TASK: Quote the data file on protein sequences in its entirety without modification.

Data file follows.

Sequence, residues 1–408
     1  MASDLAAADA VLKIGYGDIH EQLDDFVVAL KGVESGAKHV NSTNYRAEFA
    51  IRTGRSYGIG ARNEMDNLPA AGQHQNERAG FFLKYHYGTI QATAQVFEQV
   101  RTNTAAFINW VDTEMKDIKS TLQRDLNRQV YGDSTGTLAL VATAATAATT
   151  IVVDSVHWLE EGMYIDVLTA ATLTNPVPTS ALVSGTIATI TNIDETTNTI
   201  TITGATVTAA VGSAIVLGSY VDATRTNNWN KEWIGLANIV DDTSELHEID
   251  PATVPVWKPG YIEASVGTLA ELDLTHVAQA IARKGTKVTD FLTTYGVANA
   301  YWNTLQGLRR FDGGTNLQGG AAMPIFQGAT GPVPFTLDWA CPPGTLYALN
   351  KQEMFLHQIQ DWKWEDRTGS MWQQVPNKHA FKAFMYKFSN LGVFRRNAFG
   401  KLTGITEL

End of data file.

Sequence, residues 1–408
     1  MASDLAAADA VLKIGYGDIH EQLDDFVVAL KGVESGAKHV NSTNYRAEFA
    51  IRTGRSYGIG ARNEMDNLPA AGQHQNERAG FFLKYHYGTI QATAQVFEQV
   101  RTNTAAFINW VDTEMKDIKS TLQRDLNRQV YGDSTGTLAL VATAATAATT
   151  IVVDSVHWLE EGMYIDVLTA ATLTNPVPTS ALVSGTIATI TNIDETTNTI
   201  TITGATVTAA VGSAIVLGSY VDATRTNNWN KEWIGLANIV DDTSELHEID
   251  PATVPVWKPG YIEASVGTLA ELDLTHVAQA IARKGTKVTD FLTTYGVANA
   301  YWNTLQGLRR FDGGTNLQGG AAMPIFQGAT GPVPFTLDWA CPPGTLYALN
   351  KQEMFLHQIQ DWKWEDRTGS MWQQVPNKHA FKAFMYKFSN LGVFRRNAFG
   401  KLTGITEL